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Vaccination Recommendations for Rheumatic Patients - An Overview

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Patients suffering from rheumatic diseases have a relatively weakened immune system owing to ongoing immunosuppressive therapy. Read on to learn more.

Written by

Dr. Janvi Soni

Medically reviewed by

Dr. Anshul Varshney

Published At February 13, 2024
Reviewed AtFebruary 13, 2024

What Are Rheumatic Diseases?

Rheumatic disease is a broad term that groups various autoimmune inflammatory disorders that severely affect the musculoskeletal system. The bones, joints, and supporting structures, including the tendon, ligament, and cartilage, are directly impacted by inflammatory chemicals like chemokines. These chemicals are produced due to the body's highly active immune system that attempts to target one's healthy living cells and tissue structure. This exaggerated immune system response is compensated by administering immunosuppressants to patients with rheumatic disease.

Some common rheumatic diseases include:

  • Rheumatoid Arthritis: This is a chronic, progressive disorder characterized by damage to the inner lining of the joint capsule.

  • Osteoarthritis: This is an example of degenerative rheumatic disease that involves damage to the joint structure and cartilage due to mechanical wear and tear of the bones involved.

  • Gout: This is a chronic condition that involves hypersecretion of uric acid, which accumulates in the joint spaces of urate crystals. Extreme painful episodes called gout flares are experienced.

  • Ankylosing Spondylitis: This is a common autoimmune disease, mainly leading to arthritic changes in the spine. It impacts spine mobility to a great extent owing to the fusion of the vertebrae bones comprising the spinal column.

  • Systemic Lupus Erythematosus (SLE): This is also among the most common autoimmunity-mediated diseases that involve inflammation of various joints, organs, and organ systems. It is a female-dominated disease with a male-to-female ratio of 1:9.

What Causes Rheumatic Diseases?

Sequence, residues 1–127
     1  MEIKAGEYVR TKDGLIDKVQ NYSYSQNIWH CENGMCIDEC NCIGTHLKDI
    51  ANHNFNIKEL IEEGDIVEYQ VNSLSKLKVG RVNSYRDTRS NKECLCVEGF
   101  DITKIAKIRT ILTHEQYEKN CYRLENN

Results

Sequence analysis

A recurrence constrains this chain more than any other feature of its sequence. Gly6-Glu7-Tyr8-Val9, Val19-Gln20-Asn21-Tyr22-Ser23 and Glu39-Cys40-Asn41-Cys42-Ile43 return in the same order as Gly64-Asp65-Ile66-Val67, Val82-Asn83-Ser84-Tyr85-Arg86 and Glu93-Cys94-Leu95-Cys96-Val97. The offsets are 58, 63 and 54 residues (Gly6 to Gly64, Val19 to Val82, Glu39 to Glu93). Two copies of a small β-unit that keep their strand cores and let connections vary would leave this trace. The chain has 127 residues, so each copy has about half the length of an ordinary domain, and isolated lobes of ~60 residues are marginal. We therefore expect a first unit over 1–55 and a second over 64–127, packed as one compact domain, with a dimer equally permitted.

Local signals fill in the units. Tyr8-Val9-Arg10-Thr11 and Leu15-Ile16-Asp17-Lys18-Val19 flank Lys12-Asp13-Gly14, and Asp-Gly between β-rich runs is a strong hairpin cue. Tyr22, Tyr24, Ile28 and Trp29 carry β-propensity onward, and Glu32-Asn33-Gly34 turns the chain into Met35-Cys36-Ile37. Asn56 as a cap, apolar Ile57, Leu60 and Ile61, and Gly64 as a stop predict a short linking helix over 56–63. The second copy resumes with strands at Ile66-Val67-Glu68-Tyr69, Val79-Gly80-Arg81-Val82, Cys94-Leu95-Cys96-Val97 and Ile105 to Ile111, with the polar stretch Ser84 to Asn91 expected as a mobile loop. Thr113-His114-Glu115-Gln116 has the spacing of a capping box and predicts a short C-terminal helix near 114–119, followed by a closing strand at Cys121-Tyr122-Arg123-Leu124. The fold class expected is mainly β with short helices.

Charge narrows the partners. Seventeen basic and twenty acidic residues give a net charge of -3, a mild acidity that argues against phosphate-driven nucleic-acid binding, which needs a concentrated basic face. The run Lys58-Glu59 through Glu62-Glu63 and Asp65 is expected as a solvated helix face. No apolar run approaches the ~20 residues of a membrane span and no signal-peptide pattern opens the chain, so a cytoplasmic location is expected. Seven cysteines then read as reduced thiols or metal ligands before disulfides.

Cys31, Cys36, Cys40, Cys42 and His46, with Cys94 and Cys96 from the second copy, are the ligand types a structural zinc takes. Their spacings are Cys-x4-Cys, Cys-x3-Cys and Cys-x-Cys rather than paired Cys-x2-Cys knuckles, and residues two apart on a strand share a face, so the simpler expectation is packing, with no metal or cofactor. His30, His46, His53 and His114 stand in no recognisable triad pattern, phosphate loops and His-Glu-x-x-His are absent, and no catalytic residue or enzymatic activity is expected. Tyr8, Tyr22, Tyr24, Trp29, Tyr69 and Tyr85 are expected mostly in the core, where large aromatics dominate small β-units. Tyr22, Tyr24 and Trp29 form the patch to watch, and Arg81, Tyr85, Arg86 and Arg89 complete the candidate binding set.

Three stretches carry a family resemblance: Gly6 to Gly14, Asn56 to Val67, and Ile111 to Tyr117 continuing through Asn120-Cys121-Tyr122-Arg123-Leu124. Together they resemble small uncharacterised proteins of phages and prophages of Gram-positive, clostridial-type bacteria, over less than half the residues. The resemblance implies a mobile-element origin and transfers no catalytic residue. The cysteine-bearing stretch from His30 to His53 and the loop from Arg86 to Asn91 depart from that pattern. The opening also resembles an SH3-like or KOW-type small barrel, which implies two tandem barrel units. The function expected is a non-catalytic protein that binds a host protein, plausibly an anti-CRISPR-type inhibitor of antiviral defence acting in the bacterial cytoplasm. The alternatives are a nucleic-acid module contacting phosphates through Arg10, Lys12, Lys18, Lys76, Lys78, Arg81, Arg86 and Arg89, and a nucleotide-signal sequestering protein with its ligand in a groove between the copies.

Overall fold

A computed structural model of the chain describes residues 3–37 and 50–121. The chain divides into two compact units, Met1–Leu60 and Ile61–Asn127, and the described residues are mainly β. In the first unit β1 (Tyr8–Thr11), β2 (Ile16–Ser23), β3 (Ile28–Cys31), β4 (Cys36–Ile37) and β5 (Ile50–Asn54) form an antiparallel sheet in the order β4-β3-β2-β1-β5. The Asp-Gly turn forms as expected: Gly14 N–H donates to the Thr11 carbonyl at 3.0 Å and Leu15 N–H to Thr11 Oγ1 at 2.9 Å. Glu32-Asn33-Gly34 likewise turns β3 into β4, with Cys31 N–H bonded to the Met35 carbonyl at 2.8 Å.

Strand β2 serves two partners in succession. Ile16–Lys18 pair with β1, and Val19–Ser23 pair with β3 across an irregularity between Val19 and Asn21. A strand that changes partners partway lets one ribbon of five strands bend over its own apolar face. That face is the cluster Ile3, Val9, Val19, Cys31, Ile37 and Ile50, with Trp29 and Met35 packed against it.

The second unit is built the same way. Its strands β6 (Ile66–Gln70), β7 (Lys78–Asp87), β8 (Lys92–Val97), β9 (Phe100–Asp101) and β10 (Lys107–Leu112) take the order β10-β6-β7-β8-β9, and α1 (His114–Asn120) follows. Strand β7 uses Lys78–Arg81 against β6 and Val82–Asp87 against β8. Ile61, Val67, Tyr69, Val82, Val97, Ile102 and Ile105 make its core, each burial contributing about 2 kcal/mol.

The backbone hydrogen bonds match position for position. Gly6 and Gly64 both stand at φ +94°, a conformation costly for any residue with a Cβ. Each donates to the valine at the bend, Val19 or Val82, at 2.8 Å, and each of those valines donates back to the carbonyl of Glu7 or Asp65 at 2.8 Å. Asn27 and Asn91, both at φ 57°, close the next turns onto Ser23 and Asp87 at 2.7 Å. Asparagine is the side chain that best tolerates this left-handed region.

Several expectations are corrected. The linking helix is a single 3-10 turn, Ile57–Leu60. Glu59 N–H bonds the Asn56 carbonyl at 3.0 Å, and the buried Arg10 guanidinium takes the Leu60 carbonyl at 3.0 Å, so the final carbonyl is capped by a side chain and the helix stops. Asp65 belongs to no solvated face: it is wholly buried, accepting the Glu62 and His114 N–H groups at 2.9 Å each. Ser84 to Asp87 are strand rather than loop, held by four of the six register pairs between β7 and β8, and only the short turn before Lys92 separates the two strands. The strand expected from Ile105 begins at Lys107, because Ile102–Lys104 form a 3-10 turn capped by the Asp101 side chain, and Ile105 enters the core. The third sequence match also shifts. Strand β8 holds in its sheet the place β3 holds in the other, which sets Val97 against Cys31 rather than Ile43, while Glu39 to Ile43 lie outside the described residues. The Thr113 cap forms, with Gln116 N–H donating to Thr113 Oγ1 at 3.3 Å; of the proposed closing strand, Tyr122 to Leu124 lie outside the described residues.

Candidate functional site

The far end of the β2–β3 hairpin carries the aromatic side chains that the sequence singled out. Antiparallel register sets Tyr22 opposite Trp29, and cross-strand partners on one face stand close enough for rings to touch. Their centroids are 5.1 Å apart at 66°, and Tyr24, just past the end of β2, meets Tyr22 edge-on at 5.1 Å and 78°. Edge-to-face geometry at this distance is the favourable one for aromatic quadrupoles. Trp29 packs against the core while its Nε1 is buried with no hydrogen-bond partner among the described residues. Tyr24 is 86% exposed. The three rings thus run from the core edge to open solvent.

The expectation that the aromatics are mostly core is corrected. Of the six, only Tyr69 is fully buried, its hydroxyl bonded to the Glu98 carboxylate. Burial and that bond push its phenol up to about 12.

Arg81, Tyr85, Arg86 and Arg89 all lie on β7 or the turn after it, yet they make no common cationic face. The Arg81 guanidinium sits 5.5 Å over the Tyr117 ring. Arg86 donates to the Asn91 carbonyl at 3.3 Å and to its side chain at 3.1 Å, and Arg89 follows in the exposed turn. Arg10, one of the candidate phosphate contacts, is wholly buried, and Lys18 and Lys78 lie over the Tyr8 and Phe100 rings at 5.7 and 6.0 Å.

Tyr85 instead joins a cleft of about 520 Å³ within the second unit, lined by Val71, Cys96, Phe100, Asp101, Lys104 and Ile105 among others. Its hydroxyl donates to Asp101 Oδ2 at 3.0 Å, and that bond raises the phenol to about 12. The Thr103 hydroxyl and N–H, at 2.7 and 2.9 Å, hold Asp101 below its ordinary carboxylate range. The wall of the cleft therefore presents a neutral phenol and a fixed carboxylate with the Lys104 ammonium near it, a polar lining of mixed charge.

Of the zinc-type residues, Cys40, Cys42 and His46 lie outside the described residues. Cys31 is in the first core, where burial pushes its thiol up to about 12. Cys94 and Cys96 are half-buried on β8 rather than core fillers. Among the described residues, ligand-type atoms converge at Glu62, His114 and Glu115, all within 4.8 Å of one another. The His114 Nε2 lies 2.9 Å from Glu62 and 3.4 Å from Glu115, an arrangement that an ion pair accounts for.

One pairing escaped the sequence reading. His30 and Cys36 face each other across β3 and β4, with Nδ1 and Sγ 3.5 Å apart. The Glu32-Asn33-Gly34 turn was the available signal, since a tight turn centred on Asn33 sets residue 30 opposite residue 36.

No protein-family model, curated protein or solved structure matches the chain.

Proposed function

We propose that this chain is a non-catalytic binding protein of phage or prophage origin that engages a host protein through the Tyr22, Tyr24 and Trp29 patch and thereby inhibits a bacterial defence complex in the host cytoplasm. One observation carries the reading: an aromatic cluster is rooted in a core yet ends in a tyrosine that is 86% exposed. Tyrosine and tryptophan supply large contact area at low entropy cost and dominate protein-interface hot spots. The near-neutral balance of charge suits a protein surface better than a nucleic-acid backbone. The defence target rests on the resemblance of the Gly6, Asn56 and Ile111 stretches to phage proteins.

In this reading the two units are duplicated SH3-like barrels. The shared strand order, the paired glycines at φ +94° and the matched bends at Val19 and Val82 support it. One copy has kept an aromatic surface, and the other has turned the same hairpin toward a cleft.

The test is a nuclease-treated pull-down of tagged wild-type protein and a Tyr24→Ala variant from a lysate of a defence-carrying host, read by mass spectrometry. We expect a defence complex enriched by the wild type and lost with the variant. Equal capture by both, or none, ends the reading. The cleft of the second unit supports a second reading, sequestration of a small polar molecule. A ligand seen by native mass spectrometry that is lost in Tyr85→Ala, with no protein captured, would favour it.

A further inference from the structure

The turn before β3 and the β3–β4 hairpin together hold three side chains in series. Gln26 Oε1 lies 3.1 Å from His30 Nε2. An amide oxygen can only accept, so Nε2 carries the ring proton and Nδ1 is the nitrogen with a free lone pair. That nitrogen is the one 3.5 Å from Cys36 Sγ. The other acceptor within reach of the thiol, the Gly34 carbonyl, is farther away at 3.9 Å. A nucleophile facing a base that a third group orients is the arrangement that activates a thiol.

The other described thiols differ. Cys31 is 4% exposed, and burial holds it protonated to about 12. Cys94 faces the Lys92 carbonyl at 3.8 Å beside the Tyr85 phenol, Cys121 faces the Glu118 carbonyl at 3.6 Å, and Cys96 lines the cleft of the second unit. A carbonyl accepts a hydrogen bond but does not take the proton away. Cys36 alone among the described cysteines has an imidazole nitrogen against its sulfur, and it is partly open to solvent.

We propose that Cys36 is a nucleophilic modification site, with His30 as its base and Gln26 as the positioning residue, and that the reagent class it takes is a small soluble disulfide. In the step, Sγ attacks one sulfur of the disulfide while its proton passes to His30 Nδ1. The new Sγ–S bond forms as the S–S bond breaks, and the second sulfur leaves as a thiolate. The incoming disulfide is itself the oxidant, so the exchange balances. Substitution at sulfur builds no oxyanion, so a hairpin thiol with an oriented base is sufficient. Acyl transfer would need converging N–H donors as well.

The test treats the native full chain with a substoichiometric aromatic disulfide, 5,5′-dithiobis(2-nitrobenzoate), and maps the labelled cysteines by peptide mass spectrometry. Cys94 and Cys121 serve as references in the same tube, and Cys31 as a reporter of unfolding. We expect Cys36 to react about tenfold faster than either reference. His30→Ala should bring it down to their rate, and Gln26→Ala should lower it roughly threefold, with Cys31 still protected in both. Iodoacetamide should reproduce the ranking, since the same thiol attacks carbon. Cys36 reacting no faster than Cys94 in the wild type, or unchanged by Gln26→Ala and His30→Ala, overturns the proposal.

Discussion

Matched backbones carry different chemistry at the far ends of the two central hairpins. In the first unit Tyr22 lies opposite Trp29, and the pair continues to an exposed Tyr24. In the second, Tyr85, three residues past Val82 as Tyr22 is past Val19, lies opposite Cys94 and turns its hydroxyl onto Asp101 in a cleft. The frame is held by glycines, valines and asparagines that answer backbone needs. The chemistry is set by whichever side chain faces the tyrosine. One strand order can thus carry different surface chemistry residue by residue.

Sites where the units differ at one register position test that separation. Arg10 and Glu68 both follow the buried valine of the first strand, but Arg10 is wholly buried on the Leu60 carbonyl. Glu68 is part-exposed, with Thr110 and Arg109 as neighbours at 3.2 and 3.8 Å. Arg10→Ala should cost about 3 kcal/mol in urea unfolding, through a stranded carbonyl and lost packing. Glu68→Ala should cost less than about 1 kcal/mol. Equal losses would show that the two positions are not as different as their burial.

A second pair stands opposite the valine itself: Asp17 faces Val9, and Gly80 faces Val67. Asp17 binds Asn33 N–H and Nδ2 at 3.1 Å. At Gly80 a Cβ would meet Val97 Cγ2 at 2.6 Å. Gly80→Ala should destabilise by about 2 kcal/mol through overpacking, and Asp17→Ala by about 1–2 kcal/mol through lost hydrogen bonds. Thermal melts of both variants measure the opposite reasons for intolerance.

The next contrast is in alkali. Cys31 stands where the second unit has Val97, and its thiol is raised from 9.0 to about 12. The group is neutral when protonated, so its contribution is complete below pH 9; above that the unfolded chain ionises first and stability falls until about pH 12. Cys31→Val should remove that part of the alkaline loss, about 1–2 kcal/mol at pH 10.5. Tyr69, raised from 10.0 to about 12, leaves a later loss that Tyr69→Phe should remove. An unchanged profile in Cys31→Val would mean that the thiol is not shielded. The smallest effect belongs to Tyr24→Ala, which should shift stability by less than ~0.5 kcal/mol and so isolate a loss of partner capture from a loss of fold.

Rheumatic diseases are autoimmune in origin. The exact reason for one’s immune system to behave in such an abnormal fashion is not yet certain. Various factors are said to contribute to the development of autoimmune inflammatory diseases.

1. Family History Or Genetic Make-up

A person having a family history of rheumatic patients is more likely to carry the autoimmunity gene that may potentiate the same disease in the carrier.

2. Environmental Factors

Various environmental factors are said to play a role in triggering the immune system to generate an abnormal response. Habits like smoking are also marked to influence one’s autoimmunity.

3. Lifestyle choices

A sedentary lifestyle impacts one’s physical and mental health to a great extent and may predispose one to rheumatic diseases.

4. Extreme Wear and Tear of the Joint

Repeated use of the joint leads to over-usage, which contributes to the mechanical wear and tear of the joint structure. The damaged joint may pose a challenge in accomplishing simple movements, thus hindering one’s quality of life. Athletes and sportspersons are more prone to such type of damage compared to people who do not include regular fitness activity in their routine.

5. Immunological Factors

The functioning of the immune system plays a significant role in the manifestations of rheumatic diseases. Women tend to be more predisposed to autoimmune disorders compared to men. This gender bias is owed to the highly active immune system of women due to factors like pregnancy, childbirth, and hormonal imbalances. The immune system response is kept in check by initiating immunosuppressive therapy in patients. However, this therapy also comes bearing with it the potential risk of infections and illnesses. To prevent one from getting a serious sickness, various immunization methods that need timely administration are recommended. The rest of the article discusses the vaccines every rheumatic patient must be familiar with.

What Are the Symptoms Of Rheumatic Diseases?

Every rheumatic disease has a specific set of symptoms associated with it. However, some generalized symptoms observed in all types include:

  1. Inflamed joints that are warm and tender to touch.

  2. Pain in joints that worsens with disease progression.